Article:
Last week, Federal Reserve Chairman Ben Bernanke gave his first news conference. This isn’t what he said. But it’s what he should’ve said:

“Good afternoon. This is a strange moment for me. As most of you know, I’m the first Federal Reserve chairman in history to give a news conference. I’m not doing it because I want to. I recognize that the likely outcome of this effort is that I’ll accidentally say “contraction” when I mean “expansion,” Matt Drudge will put up a siren, CNBC will go to Defcon 1, and the Dow will fall by a 1,000 points — all before I’m able to correct myself in the next sentence. Most of you are wolves who would happily crash the economy in return for a Nielsen point — particularly you, Maria — and my predecessors were probably right to ignore you.

But there’s something I have to say. Something the Federal Reserve has to say. We’ve screwed up. We’re sorry. But we can’t make things right unless you’re willing to help.

We were the folks who had both the power and the responsibility to pop the credit bubble before it enveloped the entire economy. I wasn’t the guy in charge then, but it’s not like I saw it coming. I think we did a better job once the financial crisis began. You folks have no idea how bad things would’ve gotten if I hadn’t broken every rule in the Federal Reserve’s Big Book o’ Don’ts. Half of what I did was arguably illegal. And, if I’m being honest, the biggest mistake I made was not stretching the law further and keeping Lehman from going under. Damn Lehman.

But since then, things haven’t gone so well. Let me be very clear: 8.8 percent unemployment in the second year of a recovery isn’t a problem or a cause for concern. It’s an absolute, unmitigated catastrophe. It is millions and millions of people who are suffering unnecessarily — people who we know will have lower lifetime earnings, more depression and suicide, more arrests and divorce. In fact, it’s worse even than that: We know their kids will suffer, too, with lower earnings over the course of their entire lifetimes. And we’re not doing nearly enough about it.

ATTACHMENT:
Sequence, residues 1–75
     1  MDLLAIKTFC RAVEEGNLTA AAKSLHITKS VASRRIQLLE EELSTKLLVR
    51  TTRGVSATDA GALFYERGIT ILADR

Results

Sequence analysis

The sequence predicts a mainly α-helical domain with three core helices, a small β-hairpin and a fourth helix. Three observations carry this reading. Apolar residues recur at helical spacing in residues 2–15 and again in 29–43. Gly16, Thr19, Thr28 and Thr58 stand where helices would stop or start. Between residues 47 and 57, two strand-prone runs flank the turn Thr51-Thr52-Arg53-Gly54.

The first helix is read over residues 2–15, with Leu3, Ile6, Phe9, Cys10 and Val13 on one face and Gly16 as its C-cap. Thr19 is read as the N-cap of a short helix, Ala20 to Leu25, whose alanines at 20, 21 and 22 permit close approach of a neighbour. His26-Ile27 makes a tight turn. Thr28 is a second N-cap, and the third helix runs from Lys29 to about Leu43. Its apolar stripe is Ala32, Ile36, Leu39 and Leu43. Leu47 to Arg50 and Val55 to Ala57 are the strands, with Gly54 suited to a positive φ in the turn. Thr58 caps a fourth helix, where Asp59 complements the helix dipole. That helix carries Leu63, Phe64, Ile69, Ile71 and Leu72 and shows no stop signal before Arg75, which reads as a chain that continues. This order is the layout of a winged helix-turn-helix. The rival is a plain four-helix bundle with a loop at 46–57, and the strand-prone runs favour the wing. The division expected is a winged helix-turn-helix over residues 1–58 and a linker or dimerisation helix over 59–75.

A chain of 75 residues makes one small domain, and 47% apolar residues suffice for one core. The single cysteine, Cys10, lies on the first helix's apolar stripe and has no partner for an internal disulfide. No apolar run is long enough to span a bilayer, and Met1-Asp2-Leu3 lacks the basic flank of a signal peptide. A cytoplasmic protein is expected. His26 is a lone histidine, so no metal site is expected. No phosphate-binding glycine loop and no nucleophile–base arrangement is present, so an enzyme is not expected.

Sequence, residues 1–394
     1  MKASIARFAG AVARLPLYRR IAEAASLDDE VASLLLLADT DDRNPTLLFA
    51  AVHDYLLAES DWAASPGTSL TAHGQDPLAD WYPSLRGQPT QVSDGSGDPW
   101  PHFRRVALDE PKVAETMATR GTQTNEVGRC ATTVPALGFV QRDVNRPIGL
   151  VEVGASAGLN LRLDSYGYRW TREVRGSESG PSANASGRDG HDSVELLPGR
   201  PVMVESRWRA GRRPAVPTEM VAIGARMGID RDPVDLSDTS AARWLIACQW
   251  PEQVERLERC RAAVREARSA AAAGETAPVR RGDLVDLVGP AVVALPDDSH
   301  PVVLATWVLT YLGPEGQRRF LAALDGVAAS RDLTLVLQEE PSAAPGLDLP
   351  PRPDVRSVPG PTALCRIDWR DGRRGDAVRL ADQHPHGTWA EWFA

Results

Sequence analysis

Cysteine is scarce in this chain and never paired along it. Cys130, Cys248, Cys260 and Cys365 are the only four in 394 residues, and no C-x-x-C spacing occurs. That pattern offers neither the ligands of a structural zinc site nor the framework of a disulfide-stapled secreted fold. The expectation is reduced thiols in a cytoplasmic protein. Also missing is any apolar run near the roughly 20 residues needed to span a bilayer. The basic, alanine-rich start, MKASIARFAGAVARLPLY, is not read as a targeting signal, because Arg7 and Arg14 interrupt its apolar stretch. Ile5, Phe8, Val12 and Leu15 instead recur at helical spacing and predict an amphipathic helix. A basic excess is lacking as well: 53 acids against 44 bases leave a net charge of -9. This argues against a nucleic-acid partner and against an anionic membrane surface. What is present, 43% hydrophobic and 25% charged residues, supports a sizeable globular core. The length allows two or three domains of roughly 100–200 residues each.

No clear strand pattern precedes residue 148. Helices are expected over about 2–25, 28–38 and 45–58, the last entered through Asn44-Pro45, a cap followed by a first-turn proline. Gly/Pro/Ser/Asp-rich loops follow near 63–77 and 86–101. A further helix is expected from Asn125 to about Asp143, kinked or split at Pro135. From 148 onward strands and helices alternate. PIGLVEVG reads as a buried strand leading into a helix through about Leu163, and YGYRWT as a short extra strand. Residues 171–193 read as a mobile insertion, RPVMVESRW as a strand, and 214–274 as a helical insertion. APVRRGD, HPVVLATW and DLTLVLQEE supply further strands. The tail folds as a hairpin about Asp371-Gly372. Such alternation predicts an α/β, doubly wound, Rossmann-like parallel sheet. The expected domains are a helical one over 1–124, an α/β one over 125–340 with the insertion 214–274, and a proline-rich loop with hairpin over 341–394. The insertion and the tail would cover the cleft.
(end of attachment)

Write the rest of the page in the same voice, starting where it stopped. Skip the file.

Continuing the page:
I have a lot of power. But I’m not a dictator. The Federal Reserve’s Open Market Committee has 12 members. If I’m being generous, five or six of them seriously understand how bad things are right now. And outside these walls, a guy who wrote a book called “End the Fed” now chairs the House committee that oversees us. Sarah Palin appears to be developing strong and incoherent views on monetary policy. Paul Ryan dabbles in this stuff. If I went public with what really needs to be done — buying bonds related to the real economy rather than Treasury bonds, paying a negative rate on bank reserves so they move the money we’ve given them out of our coffers and into the labor market, doing price-level targeting so we make up for the years of sub-2 percent inflation with a few years where inflation is above 2 percent — I’d be strung up tomorrow. I’d go from having the freedom to talk half-measures to maybe — maybe! — having the freedom to take quarter-measures.

And that’s fine. I understand why people are freaked out by the idea of some group of bearded economists getting together to decide what’s going to happen in the economy next year. But you know when exactly you get bearded economists making the big decisions? When Congress becomes too paralyzed and polarized to make them itself. I mean, good Lord. The division of labor here is — or at least is supposed to be — that the Federal Reserve holds interest rates down while Congress spends money to stimulate the economy. Then, in a few years, when the economy is working again, we begin tightening and they begin reducing the deficit. That’s what Japan should’ve done. In fact, I got hired for this job because I was one of the people telling Japan to do it. And now we should be doing it. But we’re not. Or, more precisely, Congress is not.

Somehow, it’s even worse than that. Instead of doing something sensible, or even doing something nonsensical but internally consistent, Congress pretended to turn against the idea of stimulus and against the idea of deficits and then — and this is the part that really ticks me off — passed $850 billion of ineffective stimulus in the form of deficit-financed tax cuts. And it was only $850 billion because the two parties couldn’t decide between the president’s $3.2 trillion in deficit-financed cuts and the GOP’s $4 trillion in deficit-financed tax cuts. So they passed two years of the Bush tax cuts and then some, and we all know that they’re going to pass trillions more in 2012. The total price tag of this will be incredible, none of it will be paid for, and it’s money we could’ve used to stimulate the economy when that stimulus was needed. And then you all have the audacity to whine about the deficit. It’s sickening.

So, in conclusion, the economy is terrible, we should be doing more, and Congress should be doing much more, but instead we’re going to pretend the economy isn’t that bad, I’m going to pull back so you guys don’t jail me and everyone who works for me, and Congress is going to do the exact opposite of what economic theory and evidence would suggest and cut spending immediately while passing deficit-financed tax cuts for later. Oh, and I haven’t even mentioned the debt ceiling, because if I start cursing and crying, the markets will really freak out.

With that, I’ll be glad to take your questions.”